June 28, 1894–February 12, 1980
BY RALPH PHILLIPS
EINAR HILLE'S many achievements as a mathematician and a teacher made him a major force in the American mathematical community during most of his lifetime. He was at heart a classical analyst, yet his principal work was the creation and development of the abstract theory of semi-groups of operators, which culminated in his definitive book on Functional Analysis and Semi-Groups (1948, 2). In all, Hille authored or coauthored 175 mathematical papers and twelve books. During the twenty-five years of his tenure at Yale (1938–62), he was the director of graduate studies and as such played an important role in making the Yale Mathematics Department one of the best in the country. He was president of the American Mathematical Society (1947–48), and a member of the National Academy of Sciences, the Royal Academy of Sciences of Stockholm, and the American Academy of Arts and Sciences.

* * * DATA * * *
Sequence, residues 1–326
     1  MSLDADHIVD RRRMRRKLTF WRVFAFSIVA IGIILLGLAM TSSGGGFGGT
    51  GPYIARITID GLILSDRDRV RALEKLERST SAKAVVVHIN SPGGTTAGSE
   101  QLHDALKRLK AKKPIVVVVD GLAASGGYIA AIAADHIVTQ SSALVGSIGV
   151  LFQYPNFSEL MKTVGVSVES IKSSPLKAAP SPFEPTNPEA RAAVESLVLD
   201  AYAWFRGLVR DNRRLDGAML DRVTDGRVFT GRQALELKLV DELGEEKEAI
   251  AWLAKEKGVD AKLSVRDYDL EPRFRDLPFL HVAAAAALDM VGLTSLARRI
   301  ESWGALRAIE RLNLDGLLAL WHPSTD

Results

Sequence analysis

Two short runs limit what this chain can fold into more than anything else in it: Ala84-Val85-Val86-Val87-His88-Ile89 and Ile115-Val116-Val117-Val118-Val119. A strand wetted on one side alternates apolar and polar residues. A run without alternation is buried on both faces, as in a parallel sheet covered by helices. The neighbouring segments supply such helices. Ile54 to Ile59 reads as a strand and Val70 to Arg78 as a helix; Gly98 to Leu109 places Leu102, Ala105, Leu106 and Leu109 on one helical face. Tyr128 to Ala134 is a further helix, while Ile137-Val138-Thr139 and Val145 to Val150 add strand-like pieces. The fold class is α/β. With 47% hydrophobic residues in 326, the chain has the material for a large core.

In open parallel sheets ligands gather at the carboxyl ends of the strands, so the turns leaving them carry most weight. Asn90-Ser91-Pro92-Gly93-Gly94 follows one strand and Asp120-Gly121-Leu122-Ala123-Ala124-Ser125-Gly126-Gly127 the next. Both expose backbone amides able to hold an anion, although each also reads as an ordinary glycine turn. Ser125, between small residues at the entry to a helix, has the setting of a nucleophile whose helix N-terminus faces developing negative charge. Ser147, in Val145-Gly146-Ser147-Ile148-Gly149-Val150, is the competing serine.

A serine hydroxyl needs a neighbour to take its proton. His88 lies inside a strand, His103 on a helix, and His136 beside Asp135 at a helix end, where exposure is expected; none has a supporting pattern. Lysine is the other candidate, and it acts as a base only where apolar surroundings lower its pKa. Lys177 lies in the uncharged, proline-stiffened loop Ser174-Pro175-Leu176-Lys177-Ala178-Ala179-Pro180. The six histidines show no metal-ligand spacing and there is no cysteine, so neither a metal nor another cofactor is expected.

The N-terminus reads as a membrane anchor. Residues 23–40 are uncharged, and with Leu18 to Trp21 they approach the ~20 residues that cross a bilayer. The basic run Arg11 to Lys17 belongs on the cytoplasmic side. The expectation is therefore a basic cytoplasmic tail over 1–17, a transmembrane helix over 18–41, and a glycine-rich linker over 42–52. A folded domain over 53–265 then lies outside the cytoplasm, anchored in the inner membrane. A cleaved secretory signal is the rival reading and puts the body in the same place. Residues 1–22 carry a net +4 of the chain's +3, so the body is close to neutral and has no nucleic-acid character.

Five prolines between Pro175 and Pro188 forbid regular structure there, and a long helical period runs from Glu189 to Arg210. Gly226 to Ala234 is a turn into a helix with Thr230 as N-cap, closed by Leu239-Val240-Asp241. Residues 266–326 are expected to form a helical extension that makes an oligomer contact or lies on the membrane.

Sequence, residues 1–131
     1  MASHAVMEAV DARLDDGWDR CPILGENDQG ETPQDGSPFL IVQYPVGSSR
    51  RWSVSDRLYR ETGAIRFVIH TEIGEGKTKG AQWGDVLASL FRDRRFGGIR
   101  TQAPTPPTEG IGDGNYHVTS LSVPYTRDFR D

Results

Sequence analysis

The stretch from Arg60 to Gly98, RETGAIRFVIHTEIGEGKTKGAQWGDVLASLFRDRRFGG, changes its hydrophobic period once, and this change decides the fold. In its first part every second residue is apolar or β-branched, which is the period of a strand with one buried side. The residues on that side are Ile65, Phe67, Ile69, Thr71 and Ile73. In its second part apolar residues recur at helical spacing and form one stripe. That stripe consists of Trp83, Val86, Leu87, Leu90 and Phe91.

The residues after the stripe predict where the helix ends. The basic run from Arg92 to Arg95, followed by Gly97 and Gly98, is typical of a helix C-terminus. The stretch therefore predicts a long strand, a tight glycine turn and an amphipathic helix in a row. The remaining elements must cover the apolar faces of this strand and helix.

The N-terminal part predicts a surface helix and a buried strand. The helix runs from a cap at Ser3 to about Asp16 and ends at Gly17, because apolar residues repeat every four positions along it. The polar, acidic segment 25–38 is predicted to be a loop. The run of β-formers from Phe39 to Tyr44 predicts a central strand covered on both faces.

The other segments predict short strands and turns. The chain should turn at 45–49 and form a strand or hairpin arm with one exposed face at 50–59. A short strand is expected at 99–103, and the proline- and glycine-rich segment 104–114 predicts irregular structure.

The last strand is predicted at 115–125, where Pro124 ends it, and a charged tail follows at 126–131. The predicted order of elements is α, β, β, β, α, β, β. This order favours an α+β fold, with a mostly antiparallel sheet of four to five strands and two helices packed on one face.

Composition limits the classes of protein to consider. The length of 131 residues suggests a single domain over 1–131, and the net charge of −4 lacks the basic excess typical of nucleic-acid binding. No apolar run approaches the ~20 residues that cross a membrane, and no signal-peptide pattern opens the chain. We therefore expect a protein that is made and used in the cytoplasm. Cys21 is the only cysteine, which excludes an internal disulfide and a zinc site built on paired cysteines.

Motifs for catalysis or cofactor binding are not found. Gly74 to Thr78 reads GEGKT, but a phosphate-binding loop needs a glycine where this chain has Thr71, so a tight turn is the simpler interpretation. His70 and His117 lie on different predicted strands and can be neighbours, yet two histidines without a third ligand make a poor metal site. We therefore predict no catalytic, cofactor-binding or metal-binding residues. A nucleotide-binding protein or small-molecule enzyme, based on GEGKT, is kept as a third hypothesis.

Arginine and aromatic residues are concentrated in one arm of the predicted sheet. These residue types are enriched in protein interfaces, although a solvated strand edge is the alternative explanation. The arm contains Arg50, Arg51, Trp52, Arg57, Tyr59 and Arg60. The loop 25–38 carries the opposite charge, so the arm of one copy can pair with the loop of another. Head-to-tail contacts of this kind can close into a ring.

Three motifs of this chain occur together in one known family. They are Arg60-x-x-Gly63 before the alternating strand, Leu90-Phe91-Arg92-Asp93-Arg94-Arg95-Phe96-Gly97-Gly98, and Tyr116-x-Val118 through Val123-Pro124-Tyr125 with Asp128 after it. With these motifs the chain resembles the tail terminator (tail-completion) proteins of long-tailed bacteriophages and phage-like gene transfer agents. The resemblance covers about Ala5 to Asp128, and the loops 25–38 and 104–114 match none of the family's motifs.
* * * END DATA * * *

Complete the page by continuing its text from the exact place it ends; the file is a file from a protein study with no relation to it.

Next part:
Hille was born in New York City under somewhat unfortunate circumstances in that his parents had separated before his birth and his mother was left with the task of raising him alone. Two years later they moved to Stockholm and remained there for twenty-four years, all that time within a few blocks of a parish church where an uncle of Hille's